By Winnie Yu

Brighten long winter nights with the twinkle and glow of luminaries. Perfect for parties or everyday enchantment, these simple ideas warm a winter landscape -- and your spirit.

1. Light up the path to your door.

Guide holiday guests and family members to your door by placing can-style luminaries (about $30 for 30) along a driveway or walk. These 10-inch-tall cylinders are made of white plastic flashing. Drill holes in the plastic to create your own design -- stack pieces to drill multiples quickly. Tuck the cylinders into the snow or grass on either side of the path and then add candles. The more the merrier!

2. Make your garland glow.

Old-fashioned canning jars hang out with pre-lit artificial garlands to add some swag to a plain fence line or deck. Make handles for the jars (about $10 for 12) with 18-gauge wire. You can cut a single length to wrap the neck and form the handle. Drop in a votive candle and hang from the hooks used to hold the garland.

3. Add bursts of light to your yard and windows.

Give landscapes a touch of rustic style with these simple glass-and-metal lanterns (around $36 for 5). Just attach storm collars to jelly jar glass globes. For a secure fit, seal the collars to the glass with clear caulk. Randomly scatter your creations across a snowy yard or line them up neatly along a ledge or railing.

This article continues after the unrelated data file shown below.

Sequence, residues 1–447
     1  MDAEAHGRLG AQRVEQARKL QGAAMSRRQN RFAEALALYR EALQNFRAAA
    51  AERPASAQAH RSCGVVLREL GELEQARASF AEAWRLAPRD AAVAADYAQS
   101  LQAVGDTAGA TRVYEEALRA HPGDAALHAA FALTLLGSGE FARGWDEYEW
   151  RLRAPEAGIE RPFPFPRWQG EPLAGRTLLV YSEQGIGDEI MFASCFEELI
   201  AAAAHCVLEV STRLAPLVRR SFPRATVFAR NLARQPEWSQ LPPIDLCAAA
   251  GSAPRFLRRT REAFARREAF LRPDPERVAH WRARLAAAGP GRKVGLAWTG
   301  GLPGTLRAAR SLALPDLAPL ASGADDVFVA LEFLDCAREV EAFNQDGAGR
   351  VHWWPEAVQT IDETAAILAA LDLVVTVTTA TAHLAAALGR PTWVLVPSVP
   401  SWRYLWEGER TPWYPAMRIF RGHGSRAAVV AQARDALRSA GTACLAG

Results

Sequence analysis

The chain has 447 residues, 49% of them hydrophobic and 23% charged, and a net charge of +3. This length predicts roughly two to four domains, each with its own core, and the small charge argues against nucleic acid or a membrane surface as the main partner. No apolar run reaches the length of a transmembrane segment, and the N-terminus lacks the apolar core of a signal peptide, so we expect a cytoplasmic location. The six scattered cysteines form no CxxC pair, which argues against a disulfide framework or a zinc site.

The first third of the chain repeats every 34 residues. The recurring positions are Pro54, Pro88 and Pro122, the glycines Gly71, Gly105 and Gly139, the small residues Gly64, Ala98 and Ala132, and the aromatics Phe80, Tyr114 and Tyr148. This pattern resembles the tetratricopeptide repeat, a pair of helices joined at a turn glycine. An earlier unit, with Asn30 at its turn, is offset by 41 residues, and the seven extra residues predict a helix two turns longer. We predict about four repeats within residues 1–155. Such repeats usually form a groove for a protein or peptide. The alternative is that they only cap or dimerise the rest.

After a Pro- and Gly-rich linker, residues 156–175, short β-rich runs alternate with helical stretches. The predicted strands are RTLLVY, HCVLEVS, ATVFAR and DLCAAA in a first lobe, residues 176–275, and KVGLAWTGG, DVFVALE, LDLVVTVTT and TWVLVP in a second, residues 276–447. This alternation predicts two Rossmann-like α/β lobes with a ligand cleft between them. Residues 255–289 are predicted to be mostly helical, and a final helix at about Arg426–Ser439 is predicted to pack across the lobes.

4. Brighten your stairs, railings and walkways.

Lend a helping hand to the night sky by adding twinkle to the winter landscape. Make a set of luminaries (about $25 for eight) out of canning jars by wrapping each in a square of aluminum screen. Cut the screen to size and then cinch it in place with galvanized steel wire. These portable night-lights create enchantment just where you need it: along stairs, railings and walkways -- even under a bare tree dressed up with clear string lights.

5. Hang a star.

Bright orange by day, brightly lit by night -- this dramatic star goes together quickly for about $11 plus lights of your choice.






Gardening - Great Ways to Illuminate Your Yard This Winter